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Friday, December 4, 2009

Tailgate and the 2010 PGA Season

I’ve avoided the whole Tiger fiasco of the last week, primarily because this blog is concerned with helping weekend golfers play better golf. I don’t see how the sordid details of Tailgate, which change almost hourly, can help anybody play better. (Why is Tailgate my preferred name for this train wreck? It’s a combination of the busted-out rear window in the Escalade and that whole “got a Tiger by the tail” thing.)

However, I do think it’ll have an effect on the 2010 PGA season… but not for the reason anybody else might think.

Will the media pressure on Tiger when he finally emerges next year affect his game? Probably, at least for a while. It’s hard for me to believe that, if things are as bad as the media says they are, Tiger didn’t see this coming. His uncharacteristic displays of frustration this year would then make sense. When you see your life spiraling out of control, it’s a natural reaction to tighten your grip on the things you feel you can control – in Tiger’s case, that’s his swing. But if that’s true, the fact that he still won so many tournaments after the layoff and rehab tells me that it won’t affect him for long.

No, the real effect will be seen on the other players.

I’m not excusing Tiger for what he has apparently done, or the pain he’s caused Elin and the kids. (Having to live with that will be more punishing than anything the media can dish out.) But given the repeated comparisons to Bill Clinton, complete with “Slick Willie” comments, I feel I should point out that many other famous people have failed miserably in their family lives. King David comes to mind – considered the greatest king Israel ever had, and described in the Bible as a man “after God’s own heart.” He is also a man who slept with another man’s wife (that man being a hero in his own right), got her pregnant, tried to fool the man into thinking it was his baby and then, when that failed, had him killed. How could such a man be called a man after God’s own heart?

The point is that otherwise good men sometimes do horrendous things. David was a man after God’s own heart because of the way he dealt with his sins after they were exposed. We often talk about how good Tiger is at recovery shots; it will be his recovery from this that tells us what kind of man he is, not the fact that he has shattered his superhuman image.

But that shattered image is what I believe will affect the other players in 2010.

Some media people have said for years that most players are afraid of Tiger. I don’t buy that; rather, I think Ben Hogan was right when he said most golfers underrate themselves. (See my last post, if you missed that.) The other players on the Tour simply believed Tiger was better than them… not a better player, just better. He seemed to have everything under control, and I mean everything. How can you compete against a superhuman? I don’t think I’m overstating the case; while not all players say they are “bad people” when they don’t play well, the things they say about Tiger often go beyond just believing he’s a good player.

But I think that’s about to change. Tiger is clearly human; he has failings. He can screw up big time. (And yes, that’s the right choice of words.) Many of these players who have stood in awe of Tiger are going to see him in an entirely different light. Come on, if he can make mistakes this bad off the course… These players will get a boost of confidence from this newfound revelation that perhaps the beast can be slain. It will elevate their play.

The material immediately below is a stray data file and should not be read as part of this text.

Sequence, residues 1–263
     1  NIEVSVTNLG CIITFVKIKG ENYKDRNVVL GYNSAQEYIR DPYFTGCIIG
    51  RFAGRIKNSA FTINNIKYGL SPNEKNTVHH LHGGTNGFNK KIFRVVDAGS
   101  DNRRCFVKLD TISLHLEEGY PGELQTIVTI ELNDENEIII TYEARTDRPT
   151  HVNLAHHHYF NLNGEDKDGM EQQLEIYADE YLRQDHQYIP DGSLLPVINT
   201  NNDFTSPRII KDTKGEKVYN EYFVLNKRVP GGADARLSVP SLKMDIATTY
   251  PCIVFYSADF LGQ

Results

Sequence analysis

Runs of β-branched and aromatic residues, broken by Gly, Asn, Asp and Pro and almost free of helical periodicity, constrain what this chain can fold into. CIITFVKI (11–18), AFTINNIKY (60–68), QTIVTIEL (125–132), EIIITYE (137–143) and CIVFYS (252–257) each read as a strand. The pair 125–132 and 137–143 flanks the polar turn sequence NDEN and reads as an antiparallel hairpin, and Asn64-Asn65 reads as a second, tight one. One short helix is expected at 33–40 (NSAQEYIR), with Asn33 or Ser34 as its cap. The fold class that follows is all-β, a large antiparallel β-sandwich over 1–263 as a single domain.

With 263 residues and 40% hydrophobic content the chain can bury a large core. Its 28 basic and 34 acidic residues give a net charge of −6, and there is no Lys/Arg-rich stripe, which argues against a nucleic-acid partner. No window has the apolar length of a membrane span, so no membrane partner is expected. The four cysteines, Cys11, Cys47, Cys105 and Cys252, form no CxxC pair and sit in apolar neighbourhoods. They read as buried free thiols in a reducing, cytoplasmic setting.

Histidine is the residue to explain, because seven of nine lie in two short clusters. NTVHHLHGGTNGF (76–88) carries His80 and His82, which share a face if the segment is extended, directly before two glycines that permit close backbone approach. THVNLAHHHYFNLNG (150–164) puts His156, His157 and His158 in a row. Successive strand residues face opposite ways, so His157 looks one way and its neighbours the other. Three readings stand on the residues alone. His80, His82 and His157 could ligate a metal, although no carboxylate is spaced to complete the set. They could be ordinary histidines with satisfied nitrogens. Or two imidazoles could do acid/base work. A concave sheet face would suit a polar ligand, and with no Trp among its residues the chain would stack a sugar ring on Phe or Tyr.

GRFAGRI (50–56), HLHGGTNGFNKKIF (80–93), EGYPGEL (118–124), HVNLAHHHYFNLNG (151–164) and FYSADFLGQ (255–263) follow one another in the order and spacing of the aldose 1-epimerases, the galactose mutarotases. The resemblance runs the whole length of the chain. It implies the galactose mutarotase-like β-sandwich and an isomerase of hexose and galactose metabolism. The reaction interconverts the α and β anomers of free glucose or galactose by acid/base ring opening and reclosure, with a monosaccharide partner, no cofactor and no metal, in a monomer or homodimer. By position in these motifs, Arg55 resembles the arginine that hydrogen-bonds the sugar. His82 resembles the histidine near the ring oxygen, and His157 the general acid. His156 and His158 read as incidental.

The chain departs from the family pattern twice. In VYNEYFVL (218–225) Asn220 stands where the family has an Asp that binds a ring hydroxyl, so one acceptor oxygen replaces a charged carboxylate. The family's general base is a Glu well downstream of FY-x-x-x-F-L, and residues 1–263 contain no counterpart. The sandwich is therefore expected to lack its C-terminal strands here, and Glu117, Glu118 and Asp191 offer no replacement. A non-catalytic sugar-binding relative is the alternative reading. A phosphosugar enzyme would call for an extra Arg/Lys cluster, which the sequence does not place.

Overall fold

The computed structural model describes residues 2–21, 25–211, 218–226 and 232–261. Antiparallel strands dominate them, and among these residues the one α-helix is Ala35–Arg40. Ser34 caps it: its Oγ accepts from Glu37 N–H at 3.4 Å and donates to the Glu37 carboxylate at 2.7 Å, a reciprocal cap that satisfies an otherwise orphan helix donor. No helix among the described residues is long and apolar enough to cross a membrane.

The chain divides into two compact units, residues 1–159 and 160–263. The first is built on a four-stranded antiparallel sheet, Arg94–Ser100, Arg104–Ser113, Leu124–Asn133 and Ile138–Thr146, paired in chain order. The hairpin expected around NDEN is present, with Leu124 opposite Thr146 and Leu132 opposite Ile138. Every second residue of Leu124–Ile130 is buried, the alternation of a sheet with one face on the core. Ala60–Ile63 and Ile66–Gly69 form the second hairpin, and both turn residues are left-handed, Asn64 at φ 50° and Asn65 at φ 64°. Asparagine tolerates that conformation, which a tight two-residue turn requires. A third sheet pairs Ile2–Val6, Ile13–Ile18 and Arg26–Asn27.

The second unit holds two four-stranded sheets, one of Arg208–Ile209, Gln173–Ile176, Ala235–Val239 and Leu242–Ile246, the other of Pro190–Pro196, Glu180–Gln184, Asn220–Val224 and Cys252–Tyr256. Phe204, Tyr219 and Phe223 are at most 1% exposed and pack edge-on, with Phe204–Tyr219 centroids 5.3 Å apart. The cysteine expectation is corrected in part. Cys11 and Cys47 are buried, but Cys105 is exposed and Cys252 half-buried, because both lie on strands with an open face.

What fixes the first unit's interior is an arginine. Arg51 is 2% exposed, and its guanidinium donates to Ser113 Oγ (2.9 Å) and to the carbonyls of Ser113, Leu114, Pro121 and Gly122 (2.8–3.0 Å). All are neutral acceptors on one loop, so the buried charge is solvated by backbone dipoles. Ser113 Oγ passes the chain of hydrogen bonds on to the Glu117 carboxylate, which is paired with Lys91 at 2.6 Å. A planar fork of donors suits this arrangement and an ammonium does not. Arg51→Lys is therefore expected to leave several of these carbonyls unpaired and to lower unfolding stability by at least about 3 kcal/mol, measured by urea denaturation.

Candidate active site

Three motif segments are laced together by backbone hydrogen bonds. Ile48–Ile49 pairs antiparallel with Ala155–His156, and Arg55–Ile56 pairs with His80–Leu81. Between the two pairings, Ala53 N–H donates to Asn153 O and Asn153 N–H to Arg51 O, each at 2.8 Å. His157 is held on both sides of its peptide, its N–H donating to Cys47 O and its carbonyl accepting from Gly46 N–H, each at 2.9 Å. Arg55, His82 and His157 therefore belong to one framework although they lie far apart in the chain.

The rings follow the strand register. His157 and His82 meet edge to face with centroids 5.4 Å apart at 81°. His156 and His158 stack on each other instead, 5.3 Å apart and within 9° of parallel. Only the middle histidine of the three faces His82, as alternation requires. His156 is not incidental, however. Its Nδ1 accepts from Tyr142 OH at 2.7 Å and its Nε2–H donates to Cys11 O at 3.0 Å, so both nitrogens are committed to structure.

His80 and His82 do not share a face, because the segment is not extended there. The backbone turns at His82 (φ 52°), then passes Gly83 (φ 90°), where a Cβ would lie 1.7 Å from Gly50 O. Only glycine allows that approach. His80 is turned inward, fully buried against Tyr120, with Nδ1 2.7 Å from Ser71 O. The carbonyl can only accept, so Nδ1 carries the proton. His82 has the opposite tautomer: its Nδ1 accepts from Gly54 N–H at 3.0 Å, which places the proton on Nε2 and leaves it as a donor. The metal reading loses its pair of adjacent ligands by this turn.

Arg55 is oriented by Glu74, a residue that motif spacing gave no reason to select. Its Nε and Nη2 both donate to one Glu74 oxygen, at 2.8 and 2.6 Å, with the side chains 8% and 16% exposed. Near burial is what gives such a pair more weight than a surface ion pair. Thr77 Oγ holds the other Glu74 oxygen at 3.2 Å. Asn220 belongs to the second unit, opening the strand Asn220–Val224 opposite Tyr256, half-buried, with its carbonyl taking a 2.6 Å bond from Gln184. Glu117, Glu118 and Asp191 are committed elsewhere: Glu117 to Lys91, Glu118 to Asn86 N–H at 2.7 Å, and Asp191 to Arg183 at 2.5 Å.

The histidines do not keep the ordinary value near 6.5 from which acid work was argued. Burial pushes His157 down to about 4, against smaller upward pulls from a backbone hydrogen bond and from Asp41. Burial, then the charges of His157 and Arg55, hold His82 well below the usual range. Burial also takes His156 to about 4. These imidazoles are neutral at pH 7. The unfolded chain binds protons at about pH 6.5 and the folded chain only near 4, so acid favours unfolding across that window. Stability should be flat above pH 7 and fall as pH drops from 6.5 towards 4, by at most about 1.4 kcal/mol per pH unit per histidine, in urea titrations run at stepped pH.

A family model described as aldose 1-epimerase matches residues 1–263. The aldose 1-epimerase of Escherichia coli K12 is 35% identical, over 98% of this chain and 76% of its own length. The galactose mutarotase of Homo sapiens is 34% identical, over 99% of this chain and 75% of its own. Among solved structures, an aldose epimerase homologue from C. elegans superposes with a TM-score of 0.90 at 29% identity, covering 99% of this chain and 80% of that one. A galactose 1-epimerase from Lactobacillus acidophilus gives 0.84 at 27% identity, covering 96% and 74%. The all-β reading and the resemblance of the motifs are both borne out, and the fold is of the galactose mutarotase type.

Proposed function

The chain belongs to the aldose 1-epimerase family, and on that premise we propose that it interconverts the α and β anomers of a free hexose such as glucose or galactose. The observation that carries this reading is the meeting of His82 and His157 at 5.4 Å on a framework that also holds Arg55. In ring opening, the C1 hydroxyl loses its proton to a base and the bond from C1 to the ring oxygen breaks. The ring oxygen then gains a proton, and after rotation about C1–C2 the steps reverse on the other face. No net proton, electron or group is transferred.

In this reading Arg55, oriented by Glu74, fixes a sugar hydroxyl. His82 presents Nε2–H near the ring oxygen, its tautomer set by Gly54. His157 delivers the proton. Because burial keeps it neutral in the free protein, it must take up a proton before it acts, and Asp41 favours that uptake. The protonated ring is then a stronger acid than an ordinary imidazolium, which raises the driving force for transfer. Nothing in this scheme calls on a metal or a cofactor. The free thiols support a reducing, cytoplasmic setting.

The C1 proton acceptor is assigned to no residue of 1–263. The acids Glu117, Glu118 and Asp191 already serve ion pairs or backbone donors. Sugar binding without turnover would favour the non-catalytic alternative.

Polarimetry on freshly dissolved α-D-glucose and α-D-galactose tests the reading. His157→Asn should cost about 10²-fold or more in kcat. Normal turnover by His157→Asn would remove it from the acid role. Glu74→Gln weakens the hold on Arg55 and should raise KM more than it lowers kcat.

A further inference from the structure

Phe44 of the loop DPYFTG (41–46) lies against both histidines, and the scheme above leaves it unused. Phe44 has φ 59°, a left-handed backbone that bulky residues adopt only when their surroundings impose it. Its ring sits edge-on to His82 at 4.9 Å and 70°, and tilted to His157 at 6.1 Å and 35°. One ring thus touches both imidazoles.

I also suspect some of the players will start to see themselves as better than Tiger – not a superiority in skills, but in morals. They won’t say so in as many words… but they will think it, just the same. Don’t get me wrong; I’m not saying that feeling superior is the same as having confidence, nor that it’s a good attitude to have. But I think it will be there, and for some of those players, it will elevate their play also.

And who is the person with the most to gain from Tailgate? It has to be Phil Mickelson. I know a lot of you don’t like him – you think he’s a fake, that he plays the camera, and that his image is contrived. But measured against the sometimes self-righteous standards that Tiger has been judged by in the past week, Phil is a saint. I understand the anger and resentment we feel when an idol lets us down, but you can’t have it both ways; if you’re going to label Tiger as evil incarnate, then Phil at least deserves a halo. You Phil-haters owe him some serious props for his family life, no matter what other faults you may think he has.

While I don’t expect Phil to be the “superior” type – for any family man, this whole debacle is heartbreaking – I do expect him to come out feeling pretty good about himself and his game. Say what you like about Phil’s attacking style, he feels that his game is in its best shape in years… and he smells blood. Like Arnold Palmer, he’s not afraid to attack. And if he gets off to a good start early, Tiger could end up on the defensive and the two could start pushing each other the way we’ve all been hoping they would.

The application for weekend players?
The “Tiger Effect” – intimidation by mere appearance – gets to many weekend players. They’re beaten before they step onto the course by players who seem to be better than them. I’m echoing Ben Hogan’s words here: Don’t underrate yourself. Make your opponent beat you. Don’t just roll over and say, “I have no chance.”

The application for the Tour? Well, next year should be interesting, as I suspect the “Tiger Effect” will be lessened. But I’ll really be paying attention to the Phil/Tiger duel. Depending on how things play out, by 2012 we may see the end of the [golfing] world as we know it…

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